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Employment Law, Benefits & Compensation

The Future of Non-Competes

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Non-compete agreements have long been an embattled area of employment law, particularly in startup industries where innovation and intellectual property protection are paramount. Recently, these agreements have come even further under fire, as the White House called on state policymakers to carve back the enforceability of non-compete agreements. North Carolina, in particular, has narrowed their scope significantly. In light of these developments and the ever-present cries that they stifle innovation and are unfair to employees seeking to make a living, it’s worth considering the future and necessity of non-compete agreements.

The White House’s call to action says that states allowing strict enforcement of non-competes “have lower wage growth and lower mobility than states that do not enforce them.” A shining example of this is Silicon Valley. As the startup mecca of the United States, its location prevents innovators there from subjecting employees to non-competes, as they are illegal in California. Yet, companies there continue to grow and succeed, and workers have better mobility. So long as intellectual property is adequately protected, the lack of non-competes does not seem to harm a healthy startup ecosystem.

However, employers have very real concerns about employees jumping ship and taking their knowledge and skills to competitors after investments are made in their training and development. Some of the carve-outs the White House has proposed to “traditional” non-compete terms appear convincing. For example, a prior report found that only 24% of all employees, and less than half of all workers who are subject to non-competes, self-report that they know any of their employer’s trade secrets. So, the White House urged states to ban non-competes for workers who are beneath a certain pay threshold, not privy to trade secrets, laid off or fired without cause or working in public health and safety. In each of these situations, the report concludes, employers need not fear a competitive disadvantage upon termination. Finally, the White House called upon states to adopt “red pencil” policies. Rather than “blue penciling” an unenforceable provision out of a contract and enforcing the rest, the court would void the contract entirely if there are any unenforceable provisions. The White House suggests this will force employers to use only enforceable non-competes from the get-go and drastically reduce limits on worker mobility and innovation.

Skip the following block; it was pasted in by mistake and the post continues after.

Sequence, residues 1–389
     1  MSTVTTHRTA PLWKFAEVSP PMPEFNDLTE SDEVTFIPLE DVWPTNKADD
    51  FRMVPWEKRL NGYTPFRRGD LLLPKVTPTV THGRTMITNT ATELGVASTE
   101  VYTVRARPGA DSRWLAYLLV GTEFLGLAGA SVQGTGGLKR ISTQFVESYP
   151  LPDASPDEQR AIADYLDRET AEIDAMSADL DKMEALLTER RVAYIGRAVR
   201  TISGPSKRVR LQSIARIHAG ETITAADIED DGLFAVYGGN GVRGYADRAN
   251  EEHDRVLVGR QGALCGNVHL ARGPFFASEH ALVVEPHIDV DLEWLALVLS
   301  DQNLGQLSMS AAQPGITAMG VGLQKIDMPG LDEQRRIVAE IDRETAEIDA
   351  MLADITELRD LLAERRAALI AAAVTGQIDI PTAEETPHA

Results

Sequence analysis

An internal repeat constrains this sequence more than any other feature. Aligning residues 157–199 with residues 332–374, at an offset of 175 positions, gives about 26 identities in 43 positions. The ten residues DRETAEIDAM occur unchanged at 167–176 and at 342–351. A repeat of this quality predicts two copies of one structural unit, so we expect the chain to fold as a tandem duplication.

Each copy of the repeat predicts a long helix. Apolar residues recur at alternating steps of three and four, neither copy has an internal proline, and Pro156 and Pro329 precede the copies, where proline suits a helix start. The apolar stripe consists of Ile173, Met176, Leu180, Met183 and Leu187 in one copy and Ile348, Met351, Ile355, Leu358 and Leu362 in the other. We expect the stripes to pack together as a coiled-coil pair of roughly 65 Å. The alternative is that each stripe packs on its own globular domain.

Additionally, the North Carolina Business Court recently issued an opinion that trims the enforceability of non-competes and non-solicit clauses. The court held that employers cannot restrict employees from working for a competitor or customer of the employer in any capacity, but can restrict employees from working for a competitor or customer on the same type of work performed for the original employer. The court also held that agreements cannot define “competition” so broadly that they include minority ownership or advisory positions with competitors that do not relate to the prior employment.

Both sides of the debate could reasonably concede that limiting the scope of non-competes as the court required would not harm an employer. For example, a programmer who once wrote code for Red Hat should not be violating a non-compete by later performing janitorial services for Microsoft. Instead, the principal issue in the debate is the protection of trade secrets and human capital versus the encouragement of free market competition.

Arguably, the goals of requiring non-competes can be achieved through non-solicitation agreements, proprietary information agreements and nondisclosure agreements. These agreements prevent workers from misusing employer IP or soliciting employer clients. However, employers are understandably wary of resorting to monetary damages after they discover a violation and profits are lost. It is preferable to get injunctive relief to stop an employee before the employee has the chance to divulge secrets. While there are very real risks behind allowing employees to jump ship for competitors or their own businesses, policy must balance these fears against the risk of stifling innovation.

Non-competes are an ever-increasing area of strife for employers and employees alike as the law continues to develop. If you have any questions, please feel free to comment below, email me or connect with me on LinkedIn.

The blog content should not be construed as legal advice.

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